Why go rafting?
Nepal is a river runner's paradise. Our warm rivers, magnificent mountains, semi-tropical climate, diverse cultures, and wildlife all add to the charm of a rafting adventure.
Rafting routes can take you into the heart of rural, unspoilt Nepal. They also offer an alternative to trekking if you're not a big walker, or if you or your friends have disabilities. Ecologically, it's a safe bet—if you're conscientious and dispose of waste properly, you won't even leave footprints behind. It's also an amazing chance to see wildlife, particularly things native to the river ecosystem, like kingfishers, cranes, and the Karnali's bottle-nosed dolphins. Best of all, there's the exercise and the sheer thrill factor—steering through rapids, working as a team, and probably the occasional man overboard. Nothing matches the rush of successfully navigating a rapid or watching the sunset over a wide tarai river.
Is it difficult?
For most trips, like those down the Trisuli, all you need is an everyday level of fitness and a little courage. Even novices can handle grade five rapids with help from an experienced guide. But trips like the Sun Kosi, where all the rapids are grade five and above, are best left to experts.
But I can't swim!
It's not absolutely necessary to be able to swim, though swimmers are more likely to feel relaxed and safe in the water. If you want to do progressively more remote or difficult trips you should be a strong swimmer.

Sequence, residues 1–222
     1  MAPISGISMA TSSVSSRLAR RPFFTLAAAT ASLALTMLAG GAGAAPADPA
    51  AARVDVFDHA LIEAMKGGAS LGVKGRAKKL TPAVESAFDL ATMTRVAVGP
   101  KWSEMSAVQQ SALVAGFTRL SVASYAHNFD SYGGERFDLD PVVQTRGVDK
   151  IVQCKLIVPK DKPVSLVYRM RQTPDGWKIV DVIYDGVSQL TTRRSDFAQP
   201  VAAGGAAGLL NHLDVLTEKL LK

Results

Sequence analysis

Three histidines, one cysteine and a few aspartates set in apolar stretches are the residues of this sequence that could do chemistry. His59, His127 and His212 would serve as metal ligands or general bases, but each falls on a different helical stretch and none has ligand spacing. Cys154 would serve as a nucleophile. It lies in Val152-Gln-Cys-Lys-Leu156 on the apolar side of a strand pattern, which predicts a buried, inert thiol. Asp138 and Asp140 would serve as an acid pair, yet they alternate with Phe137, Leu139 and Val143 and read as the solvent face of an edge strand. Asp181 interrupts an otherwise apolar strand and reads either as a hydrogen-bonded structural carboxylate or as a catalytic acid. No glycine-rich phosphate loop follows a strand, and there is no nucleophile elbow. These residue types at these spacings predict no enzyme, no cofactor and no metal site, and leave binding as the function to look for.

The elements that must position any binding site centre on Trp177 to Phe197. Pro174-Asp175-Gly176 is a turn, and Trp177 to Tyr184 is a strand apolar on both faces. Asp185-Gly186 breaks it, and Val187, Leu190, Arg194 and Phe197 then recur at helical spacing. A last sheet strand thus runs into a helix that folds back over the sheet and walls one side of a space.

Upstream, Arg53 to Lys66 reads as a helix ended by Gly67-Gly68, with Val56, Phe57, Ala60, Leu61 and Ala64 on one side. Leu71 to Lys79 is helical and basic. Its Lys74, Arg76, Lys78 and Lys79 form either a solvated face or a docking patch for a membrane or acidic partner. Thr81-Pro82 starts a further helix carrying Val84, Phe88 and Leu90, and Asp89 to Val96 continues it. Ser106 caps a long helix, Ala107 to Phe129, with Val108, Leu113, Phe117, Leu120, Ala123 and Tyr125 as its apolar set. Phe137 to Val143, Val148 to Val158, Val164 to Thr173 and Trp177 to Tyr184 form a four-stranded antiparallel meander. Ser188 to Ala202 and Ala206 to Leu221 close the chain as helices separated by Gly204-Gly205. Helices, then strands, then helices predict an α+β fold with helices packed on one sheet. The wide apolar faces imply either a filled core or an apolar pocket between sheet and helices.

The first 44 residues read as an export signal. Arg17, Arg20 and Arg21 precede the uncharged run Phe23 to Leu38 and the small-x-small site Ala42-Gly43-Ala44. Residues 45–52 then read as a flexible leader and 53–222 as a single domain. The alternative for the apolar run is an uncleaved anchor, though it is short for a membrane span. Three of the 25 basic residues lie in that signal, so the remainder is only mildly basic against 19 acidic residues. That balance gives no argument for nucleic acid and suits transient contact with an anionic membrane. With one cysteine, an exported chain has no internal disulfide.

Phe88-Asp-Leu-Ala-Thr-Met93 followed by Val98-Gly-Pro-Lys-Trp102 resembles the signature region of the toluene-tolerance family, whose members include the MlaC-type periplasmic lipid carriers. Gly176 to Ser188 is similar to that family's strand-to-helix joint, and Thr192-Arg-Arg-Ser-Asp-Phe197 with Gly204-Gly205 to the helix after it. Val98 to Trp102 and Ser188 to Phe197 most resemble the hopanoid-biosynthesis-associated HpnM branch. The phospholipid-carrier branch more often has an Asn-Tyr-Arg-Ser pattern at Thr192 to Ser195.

When should I go?
Peak season is mid-October through early December. During the monsoon and just after, the rivers are swollen with rain and difficult for inexperienced people to negotiate. The winter is freezing, and in the spring rivers run low.
The best trips for experience and value for money are multi-day ones down the Sun Kosi or the Karnali, truly away from it all. But there are also day-trips, like the easy one down the Trisuli.
How much will it cost?
Most rafting trips are advertised as costing between
Rs 2,500 and Rs 7,000, depending on the length of the trip and level of service, but prices often drop by as much as half for Nepalis. Trips to remote rivers cost more because of transport, and it's good to budget extra for expenses.
Getting the most out of rafting:
Choose the right trip. Make sure you know everything about it—how many days, where you will start from, pass through, and end in, transport to and from start and finish points, what grade the rapids are, who you're going with, and what the price includes.